Brain hormone linked to `gut' feeling

That "gut" feeling that moves one person to trust another is governed by a brain hormone most noted for its role in the mother-child bond. This finding, reported during the Society for Neuroscience's annual meeting in New Orleans last week, is the closest anyone has come to unravelling the brain's role in guiding the universal social phenomenon of trust.

The Toronto Star
November 21, 2003

Brain hormone linked to ‘gut’ feeling that inspires trust
Study uses money as research tool. Ovulating women were less trusting.
Jamie Talan

That "gut" feeling that moves one person to trust another is governed by a brain hormone most noted for its role in the mother-child bond.

This finding, reported during the Society for Neuroscience's annual meeting in New Orleans last week, is the closest anyone has come to unravelling the brain's role in guiding the universal social phenomenon of trust.

Paul Zak, director of the Center for Neuroeconomic Studies at Claremont Graduate University in southern California, designed a study to get at the question of how two human beings decide to trust one another. An economist and a neuroscientist, he chose money as his research tool.

Forty college students signed on for a study on decision-making. Each was given $10 and ushered to a computer. Each was teamed with an anonymous partner, who sat at one of the other 39 computer stations in the room. They would never know the identity of their partner. Half the group was instructed to give any amount of their $10 to their partner, a stranger somewhere in the large laboratory. In making that decision on a specific dollar amount, the receiver then would get three times that amount, plus their original $10. There was no guarantee that the receivers would get anything.

Then the second person was asked to decide how much money he or she wanted to give back to the first decision-maker.

Afterward, all of the volunteers gave blood, and it was screened for the blood hormone oxytocin and nine other hormones. Oxytocin is found in both men and women. It was chosen for the trust study because it is known to play a role in maternal bonding and social recognition.

The more money the second decision-maker gave to a partner, the higher his or her blood levels of oxytocin, Zak found.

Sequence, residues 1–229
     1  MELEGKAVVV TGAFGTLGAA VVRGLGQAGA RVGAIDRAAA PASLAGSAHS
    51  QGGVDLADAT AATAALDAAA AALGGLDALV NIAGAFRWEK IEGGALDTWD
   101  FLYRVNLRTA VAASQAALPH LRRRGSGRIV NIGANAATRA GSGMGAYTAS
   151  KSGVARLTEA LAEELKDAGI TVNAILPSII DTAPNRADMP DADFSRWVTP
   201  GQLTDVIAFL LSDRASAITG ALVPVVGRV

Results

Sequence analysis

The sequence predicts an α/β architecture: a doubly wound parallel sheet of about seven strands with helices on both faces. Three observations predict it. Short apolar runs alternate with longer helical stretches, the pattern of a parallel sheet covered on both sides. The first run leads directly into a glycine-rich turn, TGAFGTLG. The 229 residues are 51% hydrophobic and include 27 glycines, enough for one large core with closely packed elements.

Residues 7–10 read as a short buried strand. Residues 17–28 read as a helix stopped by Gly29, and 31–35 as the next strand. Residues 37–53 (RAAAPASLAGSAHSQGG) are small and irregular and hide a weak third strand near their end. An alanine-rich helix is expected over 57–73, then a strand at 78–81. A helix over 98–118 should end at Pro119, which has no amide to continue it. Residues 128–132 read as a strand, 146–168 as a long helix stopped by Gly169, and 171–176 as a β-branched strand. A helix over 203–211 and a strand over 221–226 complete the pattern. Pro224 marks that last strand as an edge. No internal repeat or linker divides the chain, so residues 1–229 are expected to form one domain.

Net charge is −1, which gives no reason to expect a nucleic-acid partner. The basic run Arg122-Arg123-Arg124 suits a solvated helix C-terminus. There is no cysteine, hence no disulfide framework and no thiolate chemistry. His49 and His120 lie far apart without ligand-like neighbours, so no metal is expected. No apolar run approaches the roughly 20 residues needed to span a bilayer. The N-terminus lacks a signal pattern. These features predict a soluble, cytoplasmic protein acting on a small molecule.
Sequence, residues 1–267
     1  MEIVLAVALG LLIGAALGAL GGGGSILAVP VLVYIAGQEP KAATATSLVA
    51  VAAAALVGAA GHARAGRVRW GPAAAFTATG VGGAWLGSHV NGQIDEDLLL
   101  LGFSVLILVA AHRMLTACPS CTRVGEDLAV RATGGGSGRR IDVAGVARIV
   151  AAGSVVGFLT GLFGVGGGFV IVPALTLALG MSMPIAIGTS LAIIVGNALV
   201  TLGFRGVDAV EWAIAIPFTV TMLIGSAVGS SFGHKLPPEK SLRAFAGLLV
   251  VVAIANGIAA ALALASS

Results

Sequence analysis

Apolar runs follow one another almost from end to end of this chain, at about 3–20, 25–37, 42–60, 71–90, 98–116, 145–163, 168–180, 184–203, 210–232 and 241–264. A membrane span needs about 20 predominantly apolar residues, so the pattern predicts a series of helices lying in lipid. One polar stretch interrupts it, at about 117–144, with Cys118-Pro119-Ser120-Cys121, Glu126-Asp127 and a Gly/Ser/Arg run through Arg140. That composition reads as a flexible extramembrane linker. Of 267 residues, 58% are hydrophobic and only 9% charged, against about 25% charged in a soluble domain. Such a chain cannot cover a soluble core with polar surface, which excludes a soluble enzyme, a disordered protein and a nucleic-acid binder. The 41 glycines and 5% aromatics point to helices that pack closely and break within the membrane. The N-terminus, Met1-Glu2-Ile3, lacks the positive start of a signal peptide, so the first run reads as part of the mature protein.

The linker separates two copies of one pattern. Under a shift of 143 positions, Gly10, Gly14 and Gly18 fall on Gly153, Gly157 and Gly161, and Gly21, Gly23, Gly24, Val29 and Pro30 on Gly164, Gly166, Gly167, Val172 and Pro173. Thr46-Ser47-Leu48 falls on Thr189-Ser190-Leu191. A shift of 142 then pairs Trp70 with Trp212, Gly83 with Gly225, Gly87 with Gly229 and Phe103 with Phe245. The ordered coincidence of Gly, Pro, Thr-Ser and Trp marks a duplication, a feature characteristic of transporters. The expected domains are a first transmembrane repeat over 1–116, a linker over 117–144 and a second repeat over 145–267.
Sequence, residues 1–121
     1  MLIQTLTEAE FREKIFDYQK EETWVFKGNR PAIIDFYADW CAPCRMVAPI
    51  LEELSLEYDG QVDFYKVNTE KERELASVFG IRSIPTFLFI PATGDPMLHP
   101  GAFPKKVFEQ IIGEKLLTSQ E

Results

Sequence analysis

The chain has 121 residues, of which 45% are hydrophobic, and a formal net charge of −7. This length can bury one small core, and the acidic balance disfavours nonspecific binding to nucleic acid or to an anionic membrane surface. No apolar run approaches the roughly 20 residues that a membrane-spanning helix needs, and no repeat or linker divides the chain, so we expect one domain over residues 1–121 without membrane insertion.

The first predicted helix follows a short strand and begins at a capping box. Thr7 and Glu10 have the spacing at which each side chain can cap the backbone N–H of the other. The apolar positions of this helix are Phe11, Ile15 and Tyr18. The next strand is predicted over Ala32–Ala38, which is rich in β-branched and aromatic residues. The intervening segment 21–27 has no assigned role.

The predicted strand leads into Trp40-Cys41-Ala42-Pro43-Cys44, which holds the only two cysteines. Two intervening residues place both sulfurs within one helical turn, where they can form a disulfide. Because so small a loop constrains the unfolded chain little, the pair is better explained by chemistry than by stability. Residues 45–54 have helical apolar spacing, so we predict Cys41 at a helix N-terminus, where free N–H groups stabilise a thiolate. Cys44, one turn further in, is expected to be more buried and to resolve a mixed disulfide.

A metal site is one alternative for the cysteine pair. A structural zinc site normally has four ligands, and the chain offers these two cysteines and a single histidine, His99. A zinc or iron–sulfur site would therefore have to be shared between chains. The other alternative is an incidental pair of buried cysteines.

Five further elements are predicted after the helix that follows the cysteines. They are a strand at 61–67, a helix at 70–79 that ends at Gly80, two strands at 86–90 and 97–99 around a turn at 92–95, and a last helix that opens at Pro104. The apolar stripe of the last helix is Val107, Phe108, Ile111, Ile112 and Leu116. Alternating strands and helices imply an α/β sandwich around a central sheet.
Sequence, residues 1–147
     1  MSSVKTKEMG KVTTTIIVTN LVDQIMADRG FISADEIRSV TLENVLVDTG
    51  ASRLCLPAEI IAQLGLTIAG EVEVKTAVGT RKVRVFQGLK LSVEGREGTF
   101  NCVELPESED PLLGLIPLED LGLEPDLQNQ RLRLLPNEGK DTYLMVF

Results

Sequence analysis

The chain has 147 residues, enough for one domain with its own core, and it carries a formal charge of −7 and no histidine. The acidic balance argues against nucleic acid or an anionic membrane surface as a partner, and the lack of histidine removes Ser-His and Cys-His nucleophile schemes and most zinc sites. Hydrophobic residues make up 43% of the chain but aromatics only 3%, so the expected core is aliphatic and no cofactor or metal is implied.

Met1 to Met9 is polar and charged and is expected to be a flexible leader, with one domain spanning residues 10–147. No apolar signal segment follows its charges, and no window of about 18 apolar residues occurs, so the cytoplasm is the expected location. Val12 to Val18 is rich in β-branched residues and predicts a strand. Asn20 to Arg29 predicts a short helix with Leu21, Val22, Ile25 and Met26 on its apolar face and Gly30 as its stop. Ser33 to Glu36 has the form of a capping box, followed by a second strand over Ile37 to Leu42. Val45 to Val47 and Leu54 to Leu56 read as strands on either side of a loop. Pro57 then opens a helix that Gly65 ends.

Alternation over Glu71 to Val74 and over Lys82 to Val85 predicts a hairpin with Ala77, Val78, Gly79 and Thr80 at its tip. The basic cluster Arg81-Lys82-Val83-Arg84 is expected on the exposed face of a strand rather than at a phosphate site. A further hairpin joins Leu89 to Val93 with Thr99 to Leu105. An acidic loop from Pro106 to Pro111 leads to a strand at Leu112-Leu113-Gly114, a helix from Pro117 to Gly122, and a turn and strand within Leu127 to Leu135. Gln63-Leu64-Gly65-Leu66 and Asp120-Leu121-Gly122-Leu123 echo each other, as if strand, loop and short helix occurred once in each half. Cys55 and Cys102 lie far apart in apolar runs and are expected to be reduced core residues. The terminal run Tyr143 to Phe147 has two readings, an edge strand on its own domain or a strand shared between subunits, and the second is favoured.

In the study, 85 per cent of the first decision-makers decided to send money to their partner. And 90 per cent of the second decision-makers sent some money back.

"No one could really tell us why they made a particular decision," Zak explained. "But the more oxytocin available in the blood, the more they sent." He said that the hormone is active in the amygdala, an area of the brain that governs a variety of emotional states. It also is the home of the classic fear response that protects humans in dangerous conditions, including threat by another individual.

"It's as if the brain is telling you the right thing to do socially," Zak said.

On average, those who made the first move walked out of the room with $12. The second movers made $18. "We have an internal guiding system that because we are social beings we have to learn how to care and respond socially," Zak said. "This hormonal response affects their conscious decision process.''

Women who were ovulating at the time of the study had high oxytocin levels but gave back far less money to their partners compared with their non-ovulating counterparts.

Zak suspects that when women are ovulating, the possibility of becoming pregnant makes them less trusting, thus protecting them from making poor decisions during this time in the cycle.

He and his colleagues now are repeating the study in populations of people with social or emotional problems.

Newsday


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